The obsession with celebrity lifestyle, rubbing shoulders with the rich and famous has become so annoying that many of the rich and famous themselves have been speaking out against Sarkozy.
"Recently the film director Mathieu Kassowitz said that if the president made it to round two of the election, it would show that France was a 'neo-fascist collaborationist' country."
and one of France's most influential billionaires, Francois Pinault, "doesn't see President Nicolas Sarkozy winning re-election," Le Monde reported, citing comments made by the French billionaire on April 26. According to Bloomberg,
"People close to him think that he may still win," Pinault said as he traveled to visit an art exhibition in Colmar, eastern France, according to Le Monde. "He's cooked!," he said about Sarkozy's bid for re-election."
One can even add the comments made by DSK that his downfall was indeed orchestrated by Sarkozy and French intelligence, specifically to remove him from running in the Presidential election to the mix (not that anyone cares much these days about comments made by DSK, but this theory was always in the backs of people's minds as very possibly being the work of Sarkozy). The real problem is not whether or not Sarkozy did set up DSK, it is that so many people believe he is capable of having done so. In general, the French President does not appear to be respected as a statesman. The French do not recognize Sarkozy's way of doing things as being familiar, as representing who they are, whether it be on the left or the right.
Add to this Sarkozy's recent admission that he did not, indeed, visit Fukushima on his post tsunami trip to Japan last year, though he claimed to have visited the plant itself. But he was the first world leader on the scene, in order to make sure that France was well positioned to acquire rebuilding and cleaning/disposal contracts which will last for decades and cost in the billions. He did not visit Japan to demonstrate his sympathy for the Japanese but to protect Areva and the French nuclear industry overall. He has been against closing plants in France, including older ones which need huge amounts of money to update them and make sure they are what could be considered "safe." But the real reason for keeping open plants and building more in France for Sarkozy is political:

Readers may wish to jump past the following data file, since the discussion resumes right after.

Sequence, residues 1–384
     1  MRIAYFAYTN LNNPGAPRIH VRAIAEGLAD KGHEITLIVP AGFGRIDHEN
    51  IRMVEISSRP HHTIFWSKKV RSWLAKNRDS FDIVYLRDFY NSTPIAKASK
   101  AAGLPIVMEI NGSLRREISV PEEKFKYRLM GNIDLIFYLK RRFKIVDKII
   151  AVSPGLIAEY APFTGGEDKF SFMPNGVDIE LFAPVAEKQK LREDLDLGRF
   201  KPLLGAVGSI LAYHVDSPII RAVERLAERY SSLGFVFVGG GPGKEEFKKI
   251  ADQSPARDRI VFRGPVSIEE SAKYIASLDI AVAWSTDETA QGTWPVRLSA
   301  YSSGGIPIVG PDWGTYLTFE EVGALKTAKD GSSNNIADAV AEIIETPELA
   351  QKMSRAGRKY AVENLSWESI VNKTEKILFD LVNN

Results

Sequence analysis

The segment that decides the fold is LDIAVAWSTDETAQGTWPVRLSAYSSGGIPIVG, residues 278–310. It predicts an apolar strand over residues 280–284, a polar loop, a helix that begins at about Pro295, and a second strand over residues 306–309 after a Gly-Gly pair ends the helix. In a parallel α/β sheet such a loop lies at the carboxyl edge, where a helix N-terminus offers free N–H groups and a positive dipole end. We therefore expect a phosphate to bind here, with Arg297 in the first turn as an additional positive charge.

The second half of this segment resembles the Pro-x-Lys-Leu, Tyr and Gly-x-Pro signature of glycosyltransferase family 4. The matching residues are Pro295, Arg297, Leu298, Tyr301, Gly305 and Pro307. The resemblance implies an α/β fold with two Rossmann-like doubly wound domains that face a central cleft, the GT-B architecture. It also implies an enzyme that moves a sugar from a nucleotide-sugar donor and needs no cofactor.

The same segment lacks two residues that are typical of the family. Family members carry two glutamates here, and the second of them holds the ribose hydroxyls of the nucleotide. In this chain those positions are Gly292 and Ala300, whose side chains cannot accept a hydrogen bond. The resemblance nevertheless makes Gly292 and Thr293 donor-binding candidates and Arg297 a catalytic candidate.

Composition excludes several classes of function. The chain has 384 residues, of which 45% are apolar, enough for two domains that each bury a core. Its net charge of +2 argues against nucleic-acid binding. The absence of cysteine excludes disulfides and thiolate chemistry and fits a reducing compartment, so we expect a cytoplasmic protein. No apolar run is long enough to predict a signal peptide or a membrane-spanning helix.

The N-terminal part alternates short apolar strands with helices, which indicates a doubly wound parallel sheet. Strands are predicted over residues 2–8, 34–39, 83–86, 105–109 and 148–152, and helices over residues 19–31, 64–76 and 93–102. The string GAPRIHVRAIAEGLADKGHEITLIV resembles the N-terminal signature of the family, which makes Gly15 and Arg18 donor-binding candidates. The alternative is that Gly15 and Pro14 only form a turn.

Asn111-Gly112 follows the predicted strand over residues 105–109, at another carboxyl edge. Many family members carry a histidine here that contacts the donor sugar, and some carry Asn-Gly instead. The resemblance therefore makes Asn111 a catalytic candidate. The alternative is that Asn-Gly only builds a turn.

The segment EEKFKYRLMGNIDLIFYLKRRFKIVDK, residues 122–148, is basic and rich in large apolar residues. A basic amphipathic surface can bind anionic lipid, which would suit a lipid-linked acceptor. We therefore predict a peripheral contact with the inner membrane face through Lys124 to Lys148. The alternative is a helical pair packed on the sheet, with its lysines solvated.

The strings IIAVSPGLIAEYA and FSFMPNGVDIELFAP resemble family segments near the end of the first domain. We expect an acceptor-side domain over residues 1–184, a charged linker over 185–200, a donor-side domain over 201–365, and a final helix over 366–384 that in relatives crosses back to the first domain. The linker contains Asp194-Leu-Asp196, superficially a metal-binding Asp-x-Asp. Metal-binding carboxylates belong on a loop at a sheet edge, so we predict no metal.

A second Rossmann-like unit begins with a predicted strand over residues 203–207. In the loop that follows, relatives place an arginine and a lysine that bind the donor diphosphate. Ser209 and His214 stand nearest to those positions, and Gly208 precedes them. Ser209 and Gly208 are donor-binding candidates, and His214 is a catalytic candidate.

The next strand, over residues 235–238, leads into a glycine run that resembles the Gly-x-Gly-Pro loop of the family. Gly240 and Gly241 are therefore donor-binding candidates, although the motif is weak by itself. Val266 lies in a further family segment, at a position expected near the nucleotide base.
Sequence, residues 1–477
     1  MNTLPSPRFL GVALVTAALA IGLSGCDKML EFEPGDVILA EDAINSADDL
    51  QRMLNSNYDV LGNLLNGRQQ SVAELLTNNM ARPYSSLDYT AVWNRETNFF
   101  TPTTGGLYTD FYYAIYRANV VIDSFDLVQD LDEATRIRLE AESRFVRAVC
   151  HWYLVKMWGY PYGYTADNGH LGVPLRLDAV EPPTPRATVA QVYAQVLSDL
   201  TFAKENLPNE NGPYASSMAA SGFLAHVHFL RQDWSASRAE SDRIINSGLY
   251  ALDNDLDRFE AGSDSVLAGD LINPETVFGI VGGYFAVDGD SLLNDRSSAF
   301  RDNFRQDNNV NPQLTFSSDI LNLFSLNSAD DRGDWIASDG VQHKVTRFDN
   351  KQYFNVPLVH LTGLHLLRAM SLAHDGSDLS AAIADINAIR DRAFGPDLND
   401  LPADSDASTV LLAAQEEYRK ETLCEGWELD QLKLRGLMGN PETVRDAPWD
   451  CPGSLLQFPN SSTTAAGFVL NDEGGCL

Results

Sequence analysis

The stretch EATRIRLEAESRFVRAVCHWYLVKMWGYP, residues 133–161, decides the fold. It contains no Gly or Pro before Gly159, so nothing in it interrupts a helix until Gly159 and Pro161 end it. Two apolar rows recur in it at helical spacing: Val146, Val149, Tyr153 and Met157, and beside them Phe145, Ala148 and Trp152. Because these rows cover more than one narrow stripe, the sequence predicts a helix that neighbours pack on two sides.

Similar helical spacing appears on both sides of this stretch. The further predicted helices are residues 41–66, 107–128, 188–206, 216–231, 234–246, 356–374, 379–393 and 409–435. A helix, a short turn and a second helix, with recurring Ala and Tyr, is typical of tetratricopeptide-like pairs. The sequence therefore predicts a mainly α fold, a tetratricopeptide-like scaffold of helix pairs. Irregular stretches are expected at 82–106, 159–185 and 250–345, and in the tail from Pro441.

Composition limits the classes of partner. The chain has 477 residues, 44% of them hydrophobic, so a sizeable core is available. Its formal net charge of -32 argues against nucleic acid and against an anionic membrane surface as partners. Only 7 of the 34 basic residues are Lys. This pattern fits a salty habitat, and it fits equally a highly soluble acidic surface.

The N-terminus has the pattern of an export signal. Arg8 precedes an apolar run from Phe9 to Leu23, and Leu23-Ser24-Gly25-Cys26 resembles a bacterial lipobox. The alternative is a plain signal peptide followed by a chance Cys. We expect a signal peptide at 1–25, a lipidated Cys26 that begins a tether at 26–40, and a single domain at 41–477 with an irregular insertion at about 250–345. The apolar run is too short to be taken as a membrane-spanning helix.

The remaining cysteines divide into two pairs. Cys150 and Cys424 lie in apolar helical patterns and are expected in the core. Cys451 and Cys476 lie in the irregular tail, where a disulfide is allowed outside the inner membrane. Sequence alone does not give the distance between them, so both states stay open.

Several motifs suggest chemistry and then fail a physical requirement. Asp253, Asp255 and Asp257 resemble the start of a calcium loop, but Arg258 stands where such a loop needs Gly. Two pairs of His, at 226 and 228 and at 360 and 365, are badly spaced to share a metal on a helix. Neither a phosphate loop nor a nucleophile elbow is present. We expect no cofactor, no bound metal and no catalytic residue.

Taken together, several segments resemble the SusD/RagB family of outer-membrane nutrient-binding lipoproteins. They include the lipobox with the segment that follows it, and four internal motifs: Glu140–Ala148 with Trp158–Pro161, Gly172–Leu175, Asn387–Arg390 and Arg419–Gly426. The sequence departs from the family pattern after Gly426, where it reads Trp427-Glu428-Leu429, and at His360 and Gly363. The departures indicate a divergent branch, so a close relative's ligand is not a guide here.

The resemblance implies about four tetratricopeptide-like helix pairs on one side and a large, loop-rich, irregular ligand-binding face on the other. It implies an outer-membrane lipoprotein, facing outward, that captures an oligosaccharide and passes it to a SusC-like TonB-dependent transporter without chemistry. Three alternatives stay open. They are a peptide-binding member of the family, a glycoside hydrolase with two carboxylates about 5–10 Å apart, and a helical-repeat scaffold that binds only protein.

In the proposed closures, Sarkozy calls attention to the jobs that will be lost. (According to his campaign site, the industry employs 400,000 people). Regarding Germany's decision, in the wake of Fukushima, to withdraw from nuclear energy production altogether, the French president is not a fan. While insisting that he does not criticize Chancellor Merkel for this choice, he stressed the importance of keeping a level head, Le Monde reported last June. "Emotionalism, not keeping one's cool, the immediacy of the media debate all lead one to make extraordinary decisions. We cannot, because there was a tsunami in Japan, consider that we must apply the same rules in non-coastal regions.
The candidate running against Sarkozy, Francois Hollande, has emphasized renewables and
"... he vows to encourage the creation and development of industries in the sector, as well as to invest in research programs in disruptive technologies, like electricity storage."
Storage is in fact the biggest issue confronting what has been considered to be the weakness of both solar and wind energy, their intermittency and lack of storage at scale. But this is not to say that the Socialists have the answer, either, and could do a lot more to make issues related to nuclear safety and decommissioning part of their platform. Sarkozy first passed a lot of laws to first encourage the renewable industry and then did a massive about face and pulled the carpet out from under this same industry. Why?